Asia's Economic Success- Perspiration or Inspiration?

“For China and India, where the typical citizen is still a farmer and not an assembly line worker or a call center employee, continued productivity growth will come from the shift out of agriculture, but because a substantial portion of the population will still be employed in agriculture in these poor Asian economies for some time, an important objective of policy should be to improve agricultural productivity. For the richer Asian countries, the typical worker will increasingly be a stockbroker or a shop assistant, not a manufacturing worker. The focus there should be on improving service sector productivity. The problem here is service sector productivity has been trending downwards. Again, while governments should create an enabling environment for productivity growth by providing citizens broad-based access to education and finance as well as securing private property, they should also open to agriculture and services, especially open these to foreign competition as well as to domestic competition, so that these sectors have the same chance to generate the strong productivity growth that manufacturing has done in much of Asia.”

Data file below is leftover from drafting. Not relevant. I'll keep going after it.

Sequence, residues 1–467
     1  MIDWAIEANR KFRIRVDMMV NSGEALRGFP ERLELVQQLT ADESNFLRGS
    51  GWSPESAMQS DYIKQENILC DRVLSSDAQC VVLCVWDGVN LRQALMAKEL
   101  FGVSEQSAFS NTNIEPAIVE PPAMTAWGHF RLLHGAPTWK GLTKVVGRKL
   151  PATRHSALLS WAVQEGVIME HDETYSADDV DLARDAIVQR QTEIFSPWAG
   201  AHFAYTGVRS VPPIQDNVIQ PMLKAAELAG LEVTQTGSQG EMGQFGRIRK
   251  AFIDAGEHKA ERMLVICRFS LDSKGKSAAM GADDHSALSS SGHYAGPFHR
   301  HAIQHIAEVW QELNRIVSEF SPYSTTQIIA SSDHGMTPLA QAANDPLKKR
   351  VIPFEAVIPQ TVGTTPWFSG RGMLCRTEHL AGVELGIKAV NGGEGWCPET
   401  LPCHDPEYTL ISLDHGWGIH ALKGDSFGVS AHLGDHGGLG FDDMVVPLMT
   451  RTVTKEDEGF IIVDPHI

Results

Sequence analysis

- Raghuram Rajan, Economic Counselor and Director of Research,IMF
Press Briefing on the Analytic Chapters of the World Economic Outlook


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This page contains a single entry by Paul published on September 7, 2006 1:56 AM.

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